or a statement of a problem
After a program requirement is received, Phase
I begins
Phase I consists of four steps:
Analysis
Design
Coding
Testing
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Problem Solution and Software
Development: Phase I (continued)

Figure 1.7 The development and design steps.


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Problem Solution and Software
Development: Phase I (continued)
Step 1: Analyze the Problem
Analyst must understand
What outputs are required
What inputs will be needed
How the inputs can be used to produce the
desired outputs
Failure to analyze and understand the
requirements leads to a failed solution!

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Problem Solution and Software
Development: Phase I (continued)
Step 2: Develop a Solution
Algorithm: the exact steps used to solve a
problem
Algorithm is usually defined at high level, then
refined to detailed lower levels
Structure level diagrams may be used to
represent the levels of analysis

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Problem Solution and Software
Development: Phase I (continued)

Figure 1.8 First-level structure diagram.

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Problem Solution and Software
Development: Phase I (continued)

Figure 1.9 Second-level refinement structure diagram.


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Problem Solution and Software
Development: Phase I (continued)

Step 3: Code the Solution


Also called writing the program, and
implementing the solution
Program should contain well-defined patterns or
structures of the following types:
Sequence
Selection
Iteration
Invocation

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Problem Solution and Software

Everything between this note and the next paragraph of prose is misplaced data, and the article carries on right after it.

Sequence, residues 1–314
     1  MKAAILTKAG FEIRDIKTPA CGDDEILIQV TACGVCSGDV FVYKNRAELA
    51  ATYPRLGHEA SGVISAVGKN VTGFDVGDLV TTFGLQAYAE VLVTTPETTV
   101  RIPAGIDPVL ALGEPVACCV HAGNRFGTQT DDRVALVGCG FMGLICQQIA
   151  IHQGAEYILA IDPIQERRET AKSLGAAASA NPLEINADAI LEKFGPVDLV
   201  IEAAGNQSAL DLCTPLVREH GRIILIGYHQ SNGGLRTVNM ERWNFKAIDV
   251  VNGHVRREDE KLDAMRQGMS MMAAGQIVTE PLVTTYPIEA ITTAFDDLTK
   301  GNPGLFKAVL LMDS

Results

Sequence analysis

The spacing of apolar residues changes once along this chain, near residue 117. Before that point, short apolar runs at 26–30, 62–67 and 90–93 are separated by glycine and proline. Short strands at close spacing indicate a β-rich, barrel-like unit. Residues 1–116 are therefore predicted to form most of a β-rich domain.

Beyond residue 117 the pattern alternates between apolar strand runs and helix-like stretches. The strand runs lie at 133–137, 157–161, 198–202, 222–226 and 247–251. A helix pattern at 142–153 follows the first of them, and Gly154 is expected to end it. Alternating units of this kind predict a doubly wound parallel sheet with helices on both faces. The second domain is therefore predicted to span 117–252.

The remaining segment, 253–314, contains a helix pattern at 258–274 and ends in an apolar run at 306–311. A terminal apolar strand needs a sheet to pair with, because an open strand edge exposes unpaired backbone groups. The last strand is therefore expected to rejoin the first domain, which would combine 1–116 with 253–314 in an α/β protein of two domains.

Development: Phase I (continued)
Sequence: defines the order in which
instructions are executed
Selection: allows a choice between different
operations, based on some condition
Iteration: allows the same operation to be
repeated based on some condition; also called
looping or repetition
Invocation: involves invoking a set of
statements when needed

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Problem Solution and Software
Development: Phase I (continued)

Step 4: Test and Correct the Program


Testing: method to verify correctness and that
requirements are met
Bug: a program error
Debugging: the process of locating an error,
and correcting and verifying the correction
Testing may reveal errors, but does not
guarantee the absence of errors

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Problem Solution and Software
Development: Phase I (continued)

Testing requires the use of meaningful,


representative test data
Impossible to test all possible combinations of
data and operations in a complex program
Testing plans must be developed to ensure
good coverage in testing
Testing usually requires more time than other
steps in Phase I

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Problem Solution and Software
Development: Phase I (continued)

Relative effort for steps in Phase I

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Problem Solution and
Software Development:
Phase II. Documentation
Many documents may be required, including
Program description
Algorithm development and changes
Well-commented program listing
Sample test runs